Additional analysis in the June 6 edition of the firm’s Global Energy Weekly concludes that biofuels are “now the single largest contributor to world oil supply growth.” The authors estimate that retail gasoline prices would be per barrel higher without the expanding ethanol supply, equal to a savings of 50 cents per gallon of gasoline at the retail level.

A snapshot of wholesale ethanol and gasoline prices taken over the Memorial Day holiday weekend shows how these per-gallon savings translate to big dollars for the American economy.

Based on national rack prices published May 23, the net price of ethanol was between .15 and .30 a gallon less than unleaded gasoline, a lower cost which equaled a savings to American motorists of million a day and more than 0 million over the three-day weekend.

“Without ethanol, Americans would pay a billion dollars more each month for gas ,” noted Ron Lamberty, Vice President / Market Development for the American Coalition for Ethanol (ACE).

Though at press time gas prices have softened and ethanol prices have increased slightly, there is still about a dollar net advantage with ethanol.

Feverish growth in oil demand is outpacing supply

Biofuels will be more important ever in the coming years as lower than expected oil production is strained by higher than expected demand.

The International Energy Agency (IEA) is preparing a thorough survey of the global oil supply, for the first time turning its focus from the survey of demand that it and most other agencies have done in the past.

According to a WSJ article on May 22, the IEA has predicted for several years that fuel supplies will keep pace with rising demand, projecting that supply will top 116 million barrels a day by 2030, an increase from the 87 million barrels at present. But now the agency hints of uncertainty in whether or not the necessary investments are being made in supply to keep up with worldwide increases in demand.

“The oil investments required may be much, much higher than what people assume ,” Fatih Birol, IEA chief economist, told The Wall Street Journal. “ This is a dangerous situation .”

The Energy Information Administration (EIA), the U.S. Department of Energy’s statistical arm, agrees.

"We are optimistic in terms of resource availability, but wary about whether the investments get made in the right places and at a pace that will bring on supply to meet demand," Guy Caruso, EIA Administrator, said in the same article.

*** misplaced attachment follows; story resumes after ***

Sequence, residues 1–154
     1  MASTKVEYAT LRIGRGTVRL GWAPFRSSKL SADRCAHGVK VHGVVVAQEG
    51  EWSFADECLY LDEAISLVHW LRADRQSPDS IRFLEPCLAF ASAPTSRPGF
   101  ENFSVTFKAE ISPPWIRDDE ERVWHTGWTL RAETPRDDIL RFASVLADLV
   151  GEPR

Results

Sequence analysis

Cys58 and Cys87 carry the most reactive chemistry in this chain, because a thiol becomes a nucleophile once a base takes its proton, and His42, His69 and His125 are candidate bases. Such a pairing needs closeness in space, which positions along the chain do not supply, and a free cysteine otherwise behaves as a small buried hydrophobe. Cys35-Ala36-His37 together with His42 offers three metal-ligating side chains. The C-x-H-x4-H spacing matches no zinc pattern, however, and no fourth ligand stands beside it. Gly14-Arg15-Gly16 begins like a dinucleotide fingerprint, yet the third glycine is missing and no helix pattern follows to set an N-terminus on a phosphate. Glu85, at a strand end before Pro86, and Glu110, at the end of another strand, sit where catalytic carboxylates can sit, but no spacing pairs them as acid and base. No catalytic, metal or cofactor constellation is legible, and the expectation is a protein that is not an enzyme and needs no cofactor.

The article states that “analysts at IEA also fret that a lack of investment in many OPEC countries, combined with a diminished incentive to ramp up output, casts serious doubt over how much the cartel will expand its production in the future. The big OPEC producers have been raking in record profits, creating a disincentive in many countries to sink more billions into increased oil production.”

Flat oil production and growing demand were cited by Energy Secretary Bodman in recent testimony before Congress, noting that, beginning in 2005, there has been no change in global production to meet the growing demand.

The IEA notes that new demand in the coming decades will come mainly from China, India, and the Middle East – a change from the past when the main demand drivers were the United States and Europe.

“Both on the demand and supply side, we have new actors who change the rules of the game. We are entering a new world energy order,” he told the Associated Press in a May 22 article.

Oil imports drop for first time in thirty years

For the first time in 30 years, America has slowed its imports of oil, finally making progress in the effort to cut reliance on crude – especially from foreign sources.

Data from the DOE’s Energy Information Administration shows that U.S. oil imports dropped for the first time since 1977. The agency also shows that U.S. foreign oil dependency is expected to fall from 60 percent to 50 percent by 2015, the same timeframe as the 2007 energy bill calls for U.S. biofuels production and use to approach 15 billion gallons.

“The 1970s is the last time we saw any significant decline in net import dependency in the U.S. It shows that markets do work, policy changes do work, technology does work,” stated EIA Administrator Caruso in a Financial Times article on May 21.

“This data from the Department of Energy makes the compelling case that, thanks in part to U.S. ethanol policy, we are finally reducing our expensive and risky addiction on foreign oil,” according to Brian Jennings, executive vice president of ACE. “Despite a dishonest PR attack campaign against ethanol, the facts clearly indicate that ethanol is part of the solution to U.S. energy security, economic security, and climate change concerns.”

Ethanol is not a panacea for the trouble facing America’s energy sector, which is deep and complex. But the facts show that ethanol is part of the solution to treating high gas prices, which are a symptom of the disease of dependence on increasingly expensive and decreasingly available oil.

 
© American Coalition for Ethanol, all rights reserved.
The American Coalition for Ethanol publishes Ethanol Today magazine each month to cover the biofuels industryís hot topics, including cellulosic ethanol, E85, corn ethanol, food versus fuel, ethanolís carbon footprint, E10, E15, and mid-range ethanol blends.